Researchers exploit chicken avidin and streptavidin in many research projects as probes and affinity matrices. For example, the insecticidal activity of the protein has been genetically engineered to impart resistance in host plants against the Colorado potato beetle. Moreover, the avidin-biotin interaction also serves as an important tool in developing highly sensitive nonradioactive detection and drug delivery systems.
Avidin is used in many lab assays for several purposes, such as immunohistochemistry, ELISA, and western blotting. In nanobiotechnology, avidin conjugated proteins are used to resolve acidic, basic, and neutral compounds.
Furthermore, it also has applications in direct serum injection assays to detect and purify drug enantiomers in biological samples.
NOTE: While performing these assays, it’s necessary to optimize blocking and wash conditions to avoid nonspecific binding (that result due to carbohydrate content and basic pI of avidin) and obtain quality assay results.
Avidin has a major application in protein detection and purification. Immobilized avidin matrices are used to immobilize small ligands and biotinylated proteins. The elution for this monomeric avidin column is achieved either by using biotin as a displacer or weak acid.
Furthermore, it is used for enantioseparation of acidic compounds, such as 2-aryl propionic acid derivatives, and can also be done using avidin matrices.
A range of life science industries and labs, such as biotechnology, molecular biology, and biochemistry, utilizes commercially available avidin for many lab workflows.
Many of them use products like antibody labeling reagents, cell-surface-protein biotinylation, purification kits, and new photoreactive biotinylation reagents to carry out their research work.In biotechnology, the avidin-biotin system has versatile applications in performing affinity purification and biochemical assays. It offers several advantages over other systems, such as efficient operation, weak signal amplification, high stability, and efficient use of highly diluted primary antibodies.
In biotech labs and industries, the avidin-biotin system is used for many purposes including medical research and manufacturing, clinical studies, biochemical assays, diagnostics, and nanoscale drug delivery.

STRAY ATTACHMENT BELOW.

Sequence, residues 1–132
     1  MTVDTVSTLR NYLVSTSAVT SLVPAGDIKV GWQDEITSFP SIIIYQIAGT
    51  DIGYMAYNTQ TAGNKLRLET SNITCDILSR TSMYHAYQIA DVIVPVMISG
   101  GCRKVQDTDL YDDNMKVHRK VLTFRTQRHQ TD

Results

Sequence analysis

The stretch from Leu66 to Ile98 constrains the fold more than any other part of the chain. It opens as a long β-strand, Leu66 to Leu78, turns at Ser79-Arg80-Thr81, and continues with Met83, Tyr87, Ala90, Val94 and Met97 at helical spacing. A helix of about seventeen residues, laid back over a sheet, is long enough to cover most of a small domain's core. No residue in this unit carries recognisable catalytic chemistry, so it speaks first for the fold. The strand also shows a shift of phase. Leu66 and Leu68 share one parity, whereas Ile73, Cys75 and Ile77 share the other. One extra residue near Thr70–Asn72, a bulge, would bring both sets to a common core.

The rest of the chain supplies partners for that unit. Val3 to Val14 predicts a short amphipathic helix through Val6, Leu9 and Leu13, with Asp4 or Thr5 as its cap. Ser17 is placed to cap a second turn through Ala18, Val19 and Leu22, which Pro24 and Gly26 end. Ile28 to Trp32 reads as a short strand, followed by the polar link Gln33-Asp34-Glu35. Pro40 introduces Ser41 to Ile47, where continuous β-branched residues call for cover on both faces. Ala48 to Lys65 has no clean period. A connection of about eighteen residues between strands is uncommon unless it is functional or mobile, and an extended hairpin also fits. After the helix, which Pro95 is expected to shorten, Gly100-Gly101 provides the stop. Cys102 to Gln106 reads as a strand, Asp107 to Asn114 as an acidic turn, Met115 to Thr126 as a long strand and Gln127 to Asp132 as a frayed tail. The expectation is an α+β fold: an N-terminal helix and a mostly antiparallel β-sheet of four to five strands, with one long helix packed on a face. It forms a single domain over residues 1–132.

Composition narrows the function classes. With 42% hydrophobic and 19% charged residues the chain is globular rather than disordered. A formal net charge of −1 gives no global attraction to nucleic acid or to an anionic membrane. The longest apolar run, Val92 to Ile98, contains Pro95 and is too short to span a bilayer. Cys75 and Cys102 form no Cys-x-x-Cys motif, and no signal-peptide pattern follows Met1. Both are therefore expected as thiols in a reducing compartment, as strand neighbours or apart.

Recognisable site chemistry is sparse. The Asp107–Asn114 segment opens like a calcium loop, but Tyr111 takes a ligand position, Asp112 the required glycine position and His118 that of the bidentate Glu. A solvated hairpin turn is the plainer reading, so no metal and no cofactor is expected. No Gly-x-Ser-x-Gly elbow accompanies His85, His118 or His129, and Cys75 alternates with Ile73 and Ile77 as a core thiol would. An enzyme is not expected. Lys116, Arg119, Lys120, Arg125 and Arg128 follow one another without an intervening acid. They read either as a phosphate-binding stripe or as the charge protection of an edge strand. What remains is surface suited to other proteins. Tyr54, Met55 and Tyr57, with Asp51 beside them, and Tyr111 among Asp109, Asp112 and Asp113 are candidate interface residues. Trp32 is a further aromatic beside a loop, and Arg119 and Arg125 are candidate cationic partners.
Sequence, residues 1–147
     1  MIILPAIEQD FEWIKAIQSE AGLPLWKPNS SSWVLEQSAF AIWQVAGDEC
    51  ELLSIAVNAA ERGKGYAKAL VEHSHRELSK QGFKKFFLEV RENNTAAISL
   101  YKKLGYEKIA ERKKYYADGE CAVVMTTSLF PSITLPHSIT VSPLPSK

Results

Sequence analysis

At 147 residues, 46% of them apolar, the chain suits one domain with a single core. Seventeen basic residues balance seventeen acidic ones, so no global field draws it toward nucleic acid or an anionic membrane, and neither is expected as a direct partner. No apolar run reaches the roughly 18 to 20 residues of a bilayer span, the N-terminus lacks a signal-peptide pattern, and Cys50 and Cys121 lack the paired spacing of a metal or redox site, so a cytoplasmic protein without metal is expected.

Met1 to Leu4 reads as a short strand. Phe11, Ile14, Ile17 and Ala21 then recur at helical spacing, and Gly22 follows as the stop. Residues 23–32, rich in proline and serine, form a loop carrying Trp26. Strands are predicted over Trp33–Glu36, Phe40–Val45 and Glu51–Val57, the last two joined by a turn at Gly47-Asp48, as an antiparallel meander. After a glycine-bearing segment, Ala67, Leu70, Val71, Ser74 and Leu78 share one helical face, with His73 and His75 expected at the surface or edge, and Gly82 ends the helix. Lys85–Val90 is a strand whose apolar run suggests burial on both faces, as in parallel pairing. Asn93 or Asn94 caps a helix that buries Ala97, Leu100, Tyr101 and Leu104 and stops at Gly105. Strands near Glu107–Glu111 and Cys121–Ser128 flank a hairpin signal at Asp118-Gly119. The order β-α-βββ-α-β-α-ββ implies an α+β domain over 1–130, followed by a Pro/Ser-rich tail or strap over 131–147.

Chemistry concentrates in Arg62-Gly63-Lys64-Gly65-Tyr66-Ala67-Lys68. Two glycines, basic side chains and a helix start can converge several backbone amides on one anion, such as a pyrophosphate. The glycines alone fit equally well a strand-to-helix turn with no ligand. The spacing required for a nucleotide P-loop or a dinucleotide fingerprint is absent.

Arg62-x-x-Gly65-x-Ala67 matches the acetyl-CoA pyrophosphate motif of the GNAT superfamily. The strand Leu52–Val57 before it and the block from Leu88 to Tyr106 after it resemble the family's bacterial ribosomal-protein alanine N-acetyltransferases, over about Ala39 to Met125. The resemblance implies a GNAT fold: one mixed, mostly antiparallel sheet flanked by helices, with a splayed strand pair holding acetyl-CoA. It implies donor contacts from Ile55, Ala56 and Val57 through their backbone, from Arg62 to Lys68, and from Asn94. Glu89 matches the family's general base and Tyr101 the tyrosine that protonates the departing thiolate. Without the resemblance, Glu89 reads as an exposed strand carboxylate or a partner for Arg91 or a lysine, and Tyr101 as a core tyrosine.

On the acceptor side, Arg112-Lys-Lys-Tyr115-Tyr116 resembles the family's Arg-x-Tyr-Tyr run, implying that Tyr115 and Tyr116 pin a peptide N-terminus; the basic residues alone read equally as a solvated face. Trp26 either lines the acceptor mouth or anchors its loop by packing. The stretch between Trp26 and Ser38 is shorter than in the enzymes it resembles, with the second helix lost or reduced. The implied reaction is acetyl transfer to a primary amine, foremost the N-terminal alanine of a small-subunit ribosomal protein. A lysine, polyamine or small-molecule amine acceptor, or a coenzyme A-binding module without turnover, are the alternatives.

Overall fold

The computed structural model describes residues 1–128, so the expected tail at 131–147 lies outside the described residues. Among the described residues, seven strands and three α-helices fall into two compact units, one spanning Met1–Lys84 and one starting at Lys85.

For example, the oxidized natural avidin has major applications in drug delivery, considering it serves as a high-affinity receptor for a range of biotinylated drugs.
Avidin is also a major tool in tumor treatment. It’s used as a transport vehicle to transfer drugs, therapeutic genes, toxins, and radioisotopes to cancer tissues for their destruction. The protein can bind lectins, which are expressed on the tumor cell surface, through terminal mannose and N-acetylglucosamine. Thus, during the drug transfer, avidin binds to lectin and kills cancer cells.
The binding affinity of avidin with biotin has a spectrum of uses in biochemical assays, such as ELISA, pull-down assays, Western Blot, and ELISPOT.
The avidin-biotin system has also been used as an alternative assay system to radioimmunoassay systems. It was done by replacing radioiodine-labeled antibodies with biotinylated antibodies.
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Avidin is a tetrameric protein, whose high-affinity binding property with biotin is extensively exploited in a variety of research. In lab workflows, it forms a complex with biotinylated enzymes to bind target proteins, like biotinylated primary antibodies and secondary antibodies for their detection and purification.
Each monomer of the avidin can bind to one biotin and one carbohydrate, which makes the protein a major tool in biotech labs for many disease diagnosis and treatment procedures, such as Cancers.
The lab assays that frequently involve the use of avidin include ELISA, Western Blot, Immunohistochemistry, and many others. Scientists either prepare their own reaction mixture to perform these assays or utilize commercially available avidin kits to carry out the workflows.